SUMMARY: 3/400 --> 4/670 = byte swap? (device driver info!)

From: J. Porter Clark (
Date: Fri May 08 1992 - 04:19:19 CDT

I sent this message to you sun-managers on April 30, 1992:

> A few months ago, I upgraded my Sun 3/460 to a 670MP.
> I have an unusual piece of hardware: a Micro Technology Unlimited DS-16
> audio digitizer. This thing used to work with my 3/460 via an Ikon
> parallel interface VME board. I didn't have much hope of it working
> with the 670; the driver (for which I have source) dates back to the
> early days of SunOS 4.0 but worked okay with 4.1.
> I couldn't resist installing the thing in the 670 just to see what
> would happen. The driver compiled okay with very few changes. From a
> fellow DS-16 victim/user I had obtained a driver patch which fixes a
> SPARC alignment problem.
> I was all set for massive, terrible panics and had pulled the pin on
> the fire extinguisher and dialed "91". 8-) I tried playing back an
> old sound file and got only noise. Then I tried recording some audio
> and playing it back. It worked! I dug out some old known-good sound
> files, but they produced only noise. I'm not sure what made me think
> of it, but I tried using dd to swap the bytes in one of the old sound
> files. It worked! Apparently, the system now swaps bytes when
> recording and playing back.
> The Ikon board does DVMA using the "standard" Sun mechanism. At least,
> I think it does. I don't expect Sun-Managers to fix a problem with
> driver source code when I don't understand much of it myself. My
> question is: Did Sun change the way that data transfers using the VME
> bus occur such that byte swapping would occur with an old driver?

Most everyone who responded told me that the bus architecture has not
changed in such a way as to cause byte swapping.

Hal Stern sent me a copy of his "SPARCsystem 600MP Porting Guide." This
has a number of invaluable tips for those of us porting old device
drivers to the 600MP architecture. Hal did not want me to post the
whole thing (12 pages, PostScript) to the net, but I've just got to
broadcast to the world the part of it that saved the day:

  Write buffers sit between the MBus and the SBus/VME bus interfaces.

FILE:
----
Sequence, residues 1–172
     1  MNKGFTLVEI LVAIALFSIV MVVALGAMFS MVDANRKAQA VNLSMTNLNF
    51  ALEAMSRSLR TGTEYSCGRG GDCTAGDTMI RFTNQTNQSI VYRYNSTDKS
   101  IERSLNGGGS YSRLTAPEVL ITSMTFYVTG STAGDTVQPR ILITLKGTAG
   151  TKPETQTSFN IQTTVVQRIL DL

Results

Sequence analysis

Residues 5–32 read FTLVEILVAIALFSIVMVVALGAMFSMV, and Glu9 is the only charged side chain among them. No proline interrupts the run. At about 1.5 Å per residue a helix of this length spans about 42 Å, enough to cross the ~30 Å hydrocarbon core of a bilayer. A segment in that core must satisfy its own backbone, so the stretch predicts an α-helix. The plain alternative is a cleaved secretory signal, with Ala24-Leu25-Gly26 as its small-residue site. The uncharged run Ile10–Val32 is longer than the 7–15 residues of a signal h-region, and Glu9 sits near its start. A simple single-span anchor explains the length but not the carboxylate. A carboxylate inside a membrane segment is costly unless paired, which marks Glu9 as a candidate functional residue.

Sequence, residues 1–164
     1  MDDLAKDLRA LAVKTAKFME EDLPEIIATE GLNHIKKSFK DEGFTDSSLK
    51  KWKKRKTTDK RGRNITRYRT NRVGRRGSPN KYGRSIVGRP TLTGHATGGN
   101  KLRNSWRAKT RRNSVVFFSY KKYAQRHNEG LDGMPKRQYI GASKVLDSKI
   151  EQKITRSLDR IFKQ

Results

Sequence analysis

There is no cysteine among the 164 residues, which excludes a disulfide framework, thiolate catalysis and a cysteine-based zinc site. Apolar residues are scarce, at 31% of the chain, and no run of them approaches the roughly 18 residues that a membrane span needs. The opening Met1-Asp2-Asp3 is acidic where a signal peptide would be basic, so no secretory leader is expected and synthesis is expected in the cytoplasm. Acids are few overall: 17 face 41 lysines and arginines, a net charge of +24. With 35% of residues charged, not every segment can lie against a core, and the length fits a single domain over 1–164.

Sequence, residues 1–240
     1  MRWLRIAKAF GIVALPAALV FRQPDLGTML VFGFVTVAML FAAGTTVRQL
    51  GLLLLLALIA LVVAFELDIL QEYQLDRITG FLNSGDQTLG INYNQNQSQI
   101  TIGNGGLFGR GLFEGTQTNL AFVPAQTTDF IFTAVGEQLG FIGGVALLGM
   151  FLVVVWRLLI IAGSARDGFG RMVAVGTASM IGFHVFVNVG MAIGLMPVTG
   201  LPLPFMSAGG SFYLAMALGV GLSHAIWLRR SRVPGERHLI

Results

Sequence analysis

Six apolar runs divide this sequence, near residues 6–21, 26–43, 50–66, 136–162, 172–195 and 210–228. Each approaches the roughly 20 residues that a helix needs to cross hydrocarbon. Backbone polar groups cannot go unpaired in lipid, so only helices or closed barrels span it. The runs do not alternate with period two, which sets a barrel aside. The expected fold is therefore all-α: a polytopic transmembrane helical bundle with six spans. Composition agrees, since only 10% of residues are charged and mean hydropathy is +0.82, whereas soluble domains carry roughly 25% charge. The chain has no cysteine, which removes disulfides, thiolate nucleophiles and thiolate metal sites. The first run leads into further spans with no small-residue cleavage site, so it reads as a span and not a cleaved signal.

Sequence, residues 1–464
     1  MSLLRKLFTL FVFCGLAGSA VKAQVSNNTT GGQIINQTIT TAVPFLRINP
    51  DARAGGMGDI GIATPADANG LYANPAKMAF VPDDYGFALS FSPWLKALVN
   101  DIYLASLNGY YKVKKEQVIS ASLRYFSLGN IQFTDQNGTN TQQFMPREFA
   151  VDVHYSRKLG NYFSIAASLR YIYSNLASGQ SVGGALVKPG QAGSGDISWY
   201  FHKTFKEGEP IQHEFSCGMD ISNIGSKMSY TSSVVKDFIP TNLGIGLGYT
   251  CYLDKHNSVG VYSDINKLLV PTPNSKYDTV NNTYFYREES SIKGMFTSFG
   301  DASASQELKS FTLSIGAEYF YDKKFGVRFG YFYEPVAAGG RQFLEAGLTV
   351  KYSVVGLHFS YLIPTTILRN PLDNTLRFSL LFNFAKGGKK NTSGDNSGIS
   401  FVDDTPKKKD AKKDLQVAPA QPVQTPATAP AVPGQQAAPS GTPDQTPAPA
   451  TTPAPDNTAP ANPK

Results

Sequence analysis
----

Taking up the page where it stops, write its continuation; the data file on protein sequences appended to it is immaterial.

The SunOS kernel flushes these buffers before calling a device driver
  interrupt routine, and any attempt to read from a cached address will
  cause the write buffer to be flushed as well. Consider this simple
  sequence of events:

    Write to device
    Delay 100 usec
    Write to device

  Relative time-ordering of write operations is not preserved with the
  write buffers: the execution order is maintained, but the write
  operations may be performed back-to-back rather than with a delay
  between them. The actual delay may be less than 100 usec if no cache
  flushes occur within the delay window. If your driver relies on
  certain minimum inter-write time delays, you can perform a read-back
  from the device to force the write buffers to be flushed.

Of course, the driver I was using (and most that I've seen) has this
very construction in it. I added some dummy reads from the device csr,
and the problem was mostly fixed. I added a few more, and the problem
was solved. In at least one case, the additional reads probably were
necessary to fix a write recovery time problem rather than to cause the
write to be flushed. I asked Hal if it was necessary to do a dummy
read before an mbrelse() in the following circumstance; he says no,
mbrelse() will flush it out:

  Write to device (command to do a single-word DMA cycle)

Why would flushing the write buffer solve a byte order problem? Fellow
DS-16 user Vaughan Pratt provided a possible clue. The data transfer
to/from the DS-16 takes place across an 8-bit wide parallel data path.
An extra (or missing) byte across the interface would cause the DS-16
to lose word sync. I think that the buffer flush bug caused the DS-16
to lose the first byte of a transfer.

The DS-16 driver does some really loony things. Hal Stern provided me
with a number of suggestions as to how to fix them. Among those I
hadn't already thought of was the idea of using the iopbmap for small
DMA transfers like the previous example. This saves the
mbsetup()/mbrelse() delays. I'd like to completely fix this driver,
but I don't really have the time. (Really!) If you want to join a
mailing list devoted to the DS-16, send mail to

Here is the list of good people who responded to my panic attack: (Hal Stern - NE Area Systems Engineer)
Vaughan Pratt <> (Steve Jay {Ultra Unix SW Mgr})
kalli! (Kevin Sheehan {Consulting Poster Child})

Thanks, one and all.

J. Porter Clark or
NASA/MSFC/EB33        (205)544-3661
Huntsville, AL 35812  FAX: (205)544-9582

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